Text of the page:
[fpc-devel] Division nodes
J. Gareth Moreton
gareth at moreton-family.com
Sat May 20 00:16:39 CEST 2023
That's useful to know - thanks Florian. So it's possible to forego the
-1 check if no downsizing occurs.
I suppose it makes sense... if we go by the signed 64-bit equivalents,
$FFFFFFFF80000000 div $FFFFFFFFFFFFFFFF = $0000000080000000, which when
typecast to a LongInt does result in a signed overflow that isn't
checked without -Co, so the answer is $80000000. On the flip side,
$0000000080000000 div $FFFFFFFFFFFFFFFF = $FFFFFFFF80000000, which when
typecast to a LongInt is also equal to $80000000, this time without an
overflow. Even though the original operand of $0000000080000000 is out
of range for a LongInt, it's perfectly fine as an Int64.
If my logic is correct, the -1 check is not needed in the following
conditions:
* The division is being upsized.
* There is no change in size and neither source is unsigned (e.g.
Cardinal --> LongInt would require the check).
Currently, as given in my original code example, LongInt(LongInt div
LongInt) is given the -1 check (assuming Integer = LongInt), and this
just seems like a waste. Would you approve this change Florian? (I'll
also add a comment to explain about the downsizing situation)
Kit
----
On 19/05/2023 21:55, Florian Klämpfl via fpc-devel wrote:
> Am 19.05.23 um 21:14 schrieb J. Gareth Moreton via fpc-devel:
>> So I need to ask... should the check for a divisor of -1 still be
>> performed?
>
> Yes. This is the result of "down sizing" a division. In case of
>
> longint(int64 div int64) can be converted only into longint(int64) div
> longint(int64) if this check is carried out. longint($80000000 div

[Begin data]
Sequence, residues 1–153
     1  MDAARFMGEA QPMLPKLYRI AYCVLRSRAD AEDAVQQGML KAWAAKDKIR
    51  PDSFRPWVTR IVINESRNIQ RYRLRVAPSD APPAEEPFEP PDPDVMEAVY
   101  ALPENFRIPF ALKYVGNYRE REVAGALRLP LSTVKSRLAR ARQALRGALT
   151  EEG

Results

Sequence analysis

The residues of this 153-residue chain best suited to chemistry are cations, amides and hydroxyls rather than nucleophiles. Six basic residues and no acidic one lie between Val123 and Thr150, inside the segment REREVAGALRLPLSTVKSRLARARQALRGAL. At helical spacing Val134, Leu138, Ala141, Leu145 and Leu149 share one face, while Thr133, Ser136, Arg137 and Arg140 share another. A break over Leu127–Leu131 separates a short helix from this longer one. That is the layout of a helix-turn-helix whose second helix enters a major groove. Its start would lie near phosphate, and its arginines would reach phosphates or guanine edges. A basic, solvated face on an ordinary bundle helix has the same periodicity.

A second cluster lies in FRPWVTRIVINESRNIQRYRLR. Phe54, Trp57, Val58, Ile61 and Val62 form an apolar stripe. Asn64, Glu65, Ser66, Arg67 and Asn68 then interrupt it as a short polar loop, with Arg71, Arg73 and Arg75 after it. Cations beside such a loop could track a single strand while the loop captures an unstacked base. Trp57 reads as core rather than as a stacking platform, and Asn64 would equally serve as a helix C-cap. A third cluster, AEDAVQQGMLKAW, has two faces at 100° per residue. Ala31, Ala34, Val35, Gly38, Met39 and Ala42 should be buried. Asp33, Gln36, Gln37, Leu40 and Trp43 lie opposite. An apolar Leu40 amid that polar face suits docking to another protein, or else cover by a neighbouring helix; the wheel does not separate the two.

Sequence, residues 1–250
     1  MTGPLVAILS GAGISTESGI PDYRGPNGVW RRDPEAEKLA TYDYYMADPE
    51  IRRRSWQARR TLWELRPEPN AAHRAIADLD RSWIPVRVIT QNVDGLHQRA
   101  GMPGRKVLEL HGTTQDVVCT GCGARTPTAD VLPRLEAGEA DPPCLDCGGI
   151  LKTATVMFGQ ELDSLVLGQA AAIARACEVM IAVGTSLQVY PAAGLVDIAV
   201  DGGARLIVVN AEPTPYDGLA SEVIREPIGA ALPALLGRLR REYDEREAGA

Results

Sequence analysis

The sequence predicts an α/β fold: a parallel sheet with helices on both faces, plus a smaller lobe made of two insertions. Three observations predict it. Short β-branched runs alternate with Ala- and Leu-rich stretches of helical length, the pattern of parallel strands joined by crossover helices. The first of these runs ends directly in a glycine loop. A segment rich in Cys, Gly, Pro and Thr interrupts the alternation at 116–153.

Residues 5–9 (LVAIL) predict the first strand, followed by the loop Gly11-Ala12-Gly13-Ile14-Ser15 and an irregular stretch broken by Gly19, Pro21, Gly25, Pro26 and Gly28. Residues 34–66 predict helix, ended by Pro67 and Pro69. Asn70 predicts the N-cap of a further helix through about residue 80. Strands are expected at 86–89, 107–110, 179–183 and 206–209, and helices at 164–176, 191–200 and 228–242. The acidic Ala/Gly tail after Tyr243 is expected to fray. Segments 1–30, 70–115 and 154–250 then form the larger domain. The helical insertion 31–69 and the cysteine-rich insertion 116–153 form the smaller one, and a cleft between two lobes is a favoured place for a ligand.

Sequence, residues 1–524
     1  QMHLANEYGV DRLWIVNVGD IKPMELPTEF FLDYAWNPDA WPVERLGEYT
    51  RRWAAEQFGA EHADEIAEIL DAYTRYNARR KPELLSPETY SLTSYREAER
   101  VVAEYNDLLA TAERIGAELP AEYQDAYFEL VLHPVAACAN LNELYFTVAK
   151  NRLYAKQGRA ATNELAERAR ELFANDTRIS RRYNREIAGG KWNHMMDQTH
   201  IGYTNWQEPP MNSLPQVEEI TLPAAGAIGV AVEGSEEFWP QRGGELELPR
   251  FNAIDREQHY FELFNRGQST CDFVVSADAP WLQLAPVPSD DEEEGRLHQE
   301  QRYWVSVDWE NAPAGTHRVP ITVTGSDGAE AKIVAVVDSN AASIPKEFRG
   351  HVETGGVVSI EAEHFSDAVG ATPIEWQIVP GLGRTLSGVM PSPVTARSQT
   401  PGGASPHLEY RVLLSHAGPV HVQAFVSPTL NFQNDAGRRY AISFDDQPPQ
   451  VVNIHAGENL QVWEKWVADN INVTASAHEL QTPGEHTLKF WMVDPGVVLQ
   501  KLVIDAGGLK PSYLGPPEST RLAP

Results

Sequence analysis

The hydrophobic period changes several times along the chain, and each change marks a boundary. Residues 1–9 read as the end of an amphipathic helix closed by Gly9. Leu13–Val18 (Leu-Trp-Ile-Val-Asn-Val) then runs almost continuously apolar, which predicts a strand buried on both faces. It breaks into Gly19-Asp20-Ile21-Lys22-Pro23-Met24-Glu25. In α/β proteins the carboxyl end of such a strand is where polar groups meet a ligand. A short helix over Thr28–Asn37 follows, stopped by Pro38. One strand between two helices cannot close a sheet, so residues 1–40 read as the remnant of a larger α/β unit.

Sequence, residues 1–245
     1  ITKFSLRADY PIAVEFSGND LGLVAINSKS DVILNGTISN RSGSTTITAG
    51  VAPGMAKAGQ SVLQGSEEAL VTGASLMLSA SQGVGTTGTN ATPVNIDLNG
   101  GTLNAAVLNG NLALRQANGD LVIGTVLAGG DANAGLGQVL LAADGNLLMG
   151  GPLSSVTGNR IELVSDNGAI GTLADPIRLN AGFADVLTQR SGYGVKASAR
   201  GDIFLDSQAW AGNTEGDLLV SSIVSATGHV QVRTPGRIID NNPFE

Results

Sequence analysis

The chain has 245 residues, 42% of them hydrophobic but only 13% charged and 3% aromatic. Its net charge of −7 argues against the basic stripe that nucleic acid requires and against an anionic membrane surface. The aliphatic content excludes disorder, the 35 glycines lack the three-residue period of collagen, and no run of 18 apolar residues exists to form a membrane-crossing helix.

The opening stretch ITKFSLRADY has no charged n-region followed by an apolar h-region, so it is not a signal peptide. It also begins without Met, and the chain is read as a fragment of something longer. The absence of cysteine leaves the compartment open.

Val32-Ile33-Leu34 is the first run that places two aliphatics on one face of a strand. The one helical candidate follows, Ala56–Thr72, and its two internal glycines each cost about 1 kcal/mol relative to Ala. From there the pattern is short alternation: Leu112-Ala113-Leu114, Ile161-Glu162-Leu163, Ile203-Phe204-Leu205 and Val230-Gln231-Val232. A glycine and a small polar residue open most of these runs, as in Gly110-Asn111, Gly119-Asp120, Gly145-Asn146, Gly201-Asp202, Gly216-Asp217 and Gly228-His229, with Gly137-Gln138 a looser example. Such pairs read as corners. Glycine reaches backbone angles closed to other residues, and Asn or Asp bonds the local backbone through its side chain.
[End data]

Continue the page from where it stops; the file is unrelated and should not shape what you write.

> $ffffffff) must silently result in $8000000 in this case.
>
>> The case of doing "min_int div -1", even with unsigned-to-signed
>> typecasting, seems very contrived and the programmer should expect
>> problems if "min_int" and "-1" appear as the operands. Is there a
>> specific example where this implicit check is absolutely necessary?
>> As others have pointed out, silently returning "min_int" as the
>> answer seems more unexpected (granted this is just the behaviour of
>> an optimisation that converts the nodes equating to "x div -1" to
>> "-x", and Intel's NEG instruction doesn't return an error if min_int
>> is its input operand, but I can't be sure if the same applies to
>> non-Intel processors and their equivalent instructions).
>>
>> Kit
>>
>> On 17/05/2023 09:51, J. Gareth Moreton via fpc-devel wrote:
>>> Logically yes, but using 16-bit as an example, min_int is -32,768,
>>> and signed 16-bit integers range from -32,768 to 32,767. So -32,768
>>> ÷ -1 = 32,768, which is out of range. This is where the problem lies.
>>>
>>> Internally, negation involves inverting all of the bits and then
>>> adding 1 (essentially how you subtract a number using two's
>>> complement), so min_int, which is 1000000000000000, becomes
>>> 0111111111111111 and then, after incrementing, 1000000000000000,
>>> which is min_int again.
>>>
>>> Kit
>>>
>>> On 16/05/2023 13:13, Jean SUZINEAU via fpc-devel wrote:
>>>> Le 16/05/2023 à 01:47, Stefan Glienke via fpc-devel a écrit :
>>>>> min_int div -1
>>>>
>>>> "min_int div -1" should give "- min_int" ?
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